• ✓ For 25–29 students, five groups of five or six students each (five topics)
      • ✓ For 30–35 students, five groups of six or seven students each (six topics)
      • ✓ For 36 or more students, six groups of six or more students (six topics)
    • Again, most important is that you be accessible when groups call on you for help.
    • Your job is also to keep time, to ensure groups move quickly forward.
    • Again, some terms that are important in this reading are hyperbole, incongruity, situational irony, farce, caricature, euphemism, Juvenalian, and Horatian. You might put them on a board and tell students that all of these should be covered at some point in these second groups.
      • SWD: Be ready to explain these terms again should there be any confusion about their meaning. Don’t assume that because they have been “covered” they are fully learned or absorbed. Invite questions and be ready to provide explanations as necessary.

    Work Time

    Now, you’ll meet in a new group. Each of the original groups will be represented by at least one student in the new group.

    You’re responsible for teaching one another all the material you learned in your last group. Feel free to use your notes! And take notes while others are presenting. If you need more information from another group member, be sure to ask!

    You won’t have as much time as you did in the last group, so take about 2 minutes or so each to give the most interesting or important information from your last group.

    Take turns to explain your group’s findings.

    When all are done, try to synthesize what you’ve heard as a group.

    • What is Swift saying, more generally, about humankind and government?
    • What makes this a satire?

    The Most Important Point

    • These are relatively difficult questions because you are not just asking students to give you back what they learned: they need to synthesize the information from other groups and consider.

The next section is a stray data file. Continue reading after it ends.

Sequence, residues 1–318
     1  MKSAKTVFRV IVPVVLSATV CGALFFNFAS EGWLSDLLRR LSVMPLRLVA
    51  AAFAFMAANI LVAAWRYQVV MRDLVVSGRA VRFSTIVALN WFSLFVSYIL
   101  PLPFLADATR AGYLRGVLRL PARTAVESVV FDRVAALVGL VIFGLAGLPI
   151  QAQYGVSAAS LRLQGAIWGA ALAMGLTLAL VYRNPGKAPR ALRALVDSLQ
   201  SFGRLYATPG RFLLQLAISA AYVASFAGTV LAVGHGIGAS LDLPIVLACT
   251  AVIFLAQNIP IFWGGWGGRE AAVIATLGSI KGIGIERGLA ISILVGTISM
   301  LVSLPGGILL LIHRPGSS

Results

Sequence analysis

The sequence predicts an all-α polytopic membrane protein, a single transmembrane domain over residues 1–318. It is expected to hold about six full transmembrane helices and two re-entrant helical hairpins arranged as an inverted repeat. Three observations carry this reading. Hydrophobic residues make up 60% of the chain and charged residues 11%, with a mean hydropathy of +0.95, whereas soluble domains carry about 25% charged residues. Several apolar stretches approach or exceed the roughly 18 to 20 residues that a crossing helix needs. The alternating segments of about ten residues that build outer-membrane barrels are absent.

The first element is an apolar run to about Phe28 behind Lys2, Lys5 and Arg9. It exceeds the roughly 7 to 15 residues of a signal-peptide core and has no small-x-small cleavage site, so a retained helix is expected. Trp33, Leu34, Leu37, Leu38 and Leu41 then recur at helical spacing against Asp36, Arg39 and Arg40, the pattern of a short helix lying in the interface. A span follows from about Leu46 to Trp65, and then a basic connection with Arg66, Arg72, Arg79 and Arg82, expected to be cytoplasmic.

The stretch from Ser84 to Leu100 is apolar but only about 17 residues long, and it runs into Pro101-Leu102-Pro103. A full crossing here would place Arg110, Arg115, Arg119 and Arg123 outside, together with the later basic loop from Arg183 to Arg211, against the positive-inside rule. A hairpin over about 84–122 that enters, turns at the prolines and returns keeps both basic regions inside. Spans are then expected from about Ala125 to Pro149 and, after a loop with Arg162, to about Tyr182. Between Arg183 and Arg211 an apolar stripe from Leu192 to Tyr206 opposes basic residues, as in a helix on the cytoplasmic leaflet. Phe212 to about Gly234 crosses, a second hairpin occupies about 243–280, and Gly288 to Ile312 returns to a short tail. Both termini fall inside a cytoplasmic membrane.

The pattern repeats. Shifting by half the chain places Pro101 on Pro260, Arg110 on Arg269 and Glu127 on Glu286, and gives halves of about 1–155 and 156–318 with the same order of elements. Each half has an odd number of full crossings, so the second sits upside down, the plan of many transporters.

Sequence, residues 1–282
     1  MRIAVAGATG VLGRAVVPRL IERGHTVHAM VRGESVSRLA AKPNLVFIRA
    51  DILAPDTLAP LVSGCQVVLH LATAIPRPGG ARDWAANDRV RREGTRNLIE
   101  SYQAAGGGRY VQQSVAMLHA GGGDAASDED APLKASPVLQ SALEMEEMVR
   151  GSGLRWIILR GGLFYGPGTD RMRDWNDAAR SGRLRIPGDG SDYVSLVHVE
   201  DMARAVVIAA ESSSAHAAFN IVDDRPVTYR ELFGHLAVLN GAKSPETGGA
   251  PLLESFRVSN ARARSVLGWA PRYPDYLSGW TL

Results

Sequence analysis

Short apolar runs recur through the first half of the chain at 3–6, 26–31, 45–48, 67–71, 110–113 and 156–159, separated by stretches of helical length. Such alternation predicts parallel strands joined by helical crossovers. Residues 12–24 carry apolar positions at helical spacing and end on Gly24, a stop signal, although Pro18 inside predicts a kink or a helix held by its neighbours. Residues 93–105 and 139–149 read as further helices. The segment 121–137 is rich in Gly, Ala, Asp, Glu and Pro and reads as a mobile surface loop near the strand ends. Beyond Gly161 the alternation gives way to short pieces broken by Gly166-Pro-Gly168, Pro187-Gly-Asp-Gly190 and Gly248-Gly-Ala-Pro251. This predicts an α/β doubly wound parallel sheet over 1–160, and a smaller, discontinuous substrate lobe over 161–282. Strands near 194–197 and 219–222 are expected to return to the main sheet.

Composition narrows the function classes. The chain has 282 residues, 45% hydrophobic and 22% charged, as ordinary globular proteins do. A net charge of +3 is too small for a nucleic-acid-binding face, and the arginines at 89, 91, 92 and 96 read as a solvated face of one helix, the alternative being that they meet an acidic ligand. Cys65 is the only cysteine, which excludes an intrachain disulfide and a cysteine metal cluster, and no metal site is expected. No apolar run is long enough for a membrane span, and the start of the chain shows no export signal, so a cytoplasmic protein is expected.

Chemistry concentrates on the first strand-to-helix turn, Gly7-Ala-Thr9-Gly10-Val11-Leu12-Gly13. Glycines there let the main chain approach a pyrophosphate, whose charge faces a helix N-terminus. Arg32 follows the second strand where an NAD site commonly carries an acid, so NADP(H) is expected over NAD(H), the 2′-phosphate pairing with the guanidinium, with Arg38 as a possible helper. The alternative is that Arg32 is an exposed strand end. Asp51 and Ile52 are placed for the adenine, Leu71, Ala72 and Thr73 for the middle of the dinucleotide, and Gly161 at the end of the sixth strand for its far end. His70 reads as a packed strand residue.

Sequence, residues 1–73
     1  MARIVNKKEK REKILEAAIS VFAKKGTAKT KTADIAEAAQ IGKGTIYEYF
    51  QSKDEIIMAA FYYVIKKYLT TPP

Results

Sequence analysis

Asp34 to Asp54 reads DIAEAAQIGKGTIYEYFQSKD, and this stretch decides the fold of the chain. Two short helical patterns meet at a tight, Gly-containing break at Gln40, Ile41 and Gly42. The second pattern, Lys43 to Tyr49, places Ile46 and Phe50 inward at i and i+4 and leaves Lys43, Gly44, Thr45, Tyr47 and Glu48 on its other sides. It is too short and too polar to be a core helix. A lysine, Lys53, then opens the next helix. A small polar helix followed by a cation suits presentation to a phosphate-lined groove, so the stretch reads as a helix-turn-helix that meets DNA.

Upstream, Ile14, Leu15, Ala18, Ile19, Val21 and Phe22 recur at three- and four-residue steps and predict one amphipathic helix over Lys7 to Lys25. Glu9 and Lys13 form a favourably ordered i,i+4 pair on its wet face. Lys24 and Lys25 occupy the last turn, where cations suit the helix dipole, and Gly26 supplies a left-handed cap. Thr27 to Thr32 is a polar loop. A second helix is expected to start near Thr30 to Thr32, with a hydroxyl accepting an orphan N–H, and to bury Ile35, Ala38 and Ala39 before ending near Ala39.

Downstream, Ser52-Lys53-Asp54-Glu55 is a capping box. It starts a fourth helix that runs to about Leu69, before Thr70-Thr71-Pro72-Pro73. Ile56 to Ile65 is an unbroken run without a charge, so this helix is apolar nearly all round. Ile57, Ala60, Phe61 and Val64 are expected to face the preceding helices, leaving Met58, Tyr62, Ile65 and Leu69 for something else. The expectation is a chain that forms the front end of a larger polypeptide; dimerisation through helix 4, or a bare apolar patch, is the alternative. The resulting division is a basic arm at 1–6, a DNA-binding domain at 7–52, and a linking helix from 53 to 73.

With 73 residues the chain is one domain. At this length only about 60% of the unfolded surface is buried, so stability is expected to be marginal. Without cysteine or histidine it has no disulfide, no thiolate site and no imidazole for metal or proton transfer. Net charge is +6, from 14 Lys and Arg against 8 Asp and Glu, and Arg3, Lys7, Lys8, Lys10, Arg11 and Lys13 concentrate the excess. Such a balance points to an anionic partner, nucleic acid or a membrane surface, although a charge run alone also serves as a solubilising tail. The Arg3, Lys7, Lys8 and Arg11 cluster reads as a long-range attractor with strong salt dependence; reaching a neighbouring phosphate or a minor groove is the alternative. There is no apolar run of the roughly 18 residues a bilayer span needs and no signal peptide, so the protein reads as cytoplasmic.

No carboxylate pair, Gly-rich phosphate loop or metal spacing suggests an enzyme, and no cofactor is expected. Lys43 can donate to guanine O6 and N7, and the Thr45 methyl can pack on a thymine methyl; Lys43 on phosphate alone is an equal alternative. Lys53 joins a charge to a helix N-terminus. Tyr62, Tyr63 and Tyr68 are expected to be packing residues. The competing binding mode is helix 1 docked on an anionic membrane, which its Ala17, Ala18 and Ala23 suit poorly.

• The students’ responses should give you a clear picture of where they are in understanding political satire.
    • If there is time, have students share their responses.
      • ELL: Since summarizing one’s learning entails such a high level of understanding of the topic and command of the language, allow ELLs additional time to come up with a response to this question, and encourage them to work in pairs if necessary. Dictionaries should be allowed throughout the class, but especially in this section.


    Write a response to the following prompt.

    • Other than information from your own area of expertise, what do you think is the most interesting or important point Swift is making? And which is most familiar in politics today?

    Open Notebook


    • Remind students to select satires that are appropriate for school. Let them know that you will be reading and commenting on their findings.


    Do some research on your own.

    • Find some satirical video clips or articles from contemporary authors or publications, and choose one that you especially find interesting. (Make sure it is school-appropriate.) Share it for the class, with a brief explanation of your choice.
    • Be sure to look at others’ findings—at least five! It may take some time, but it should be entertaining!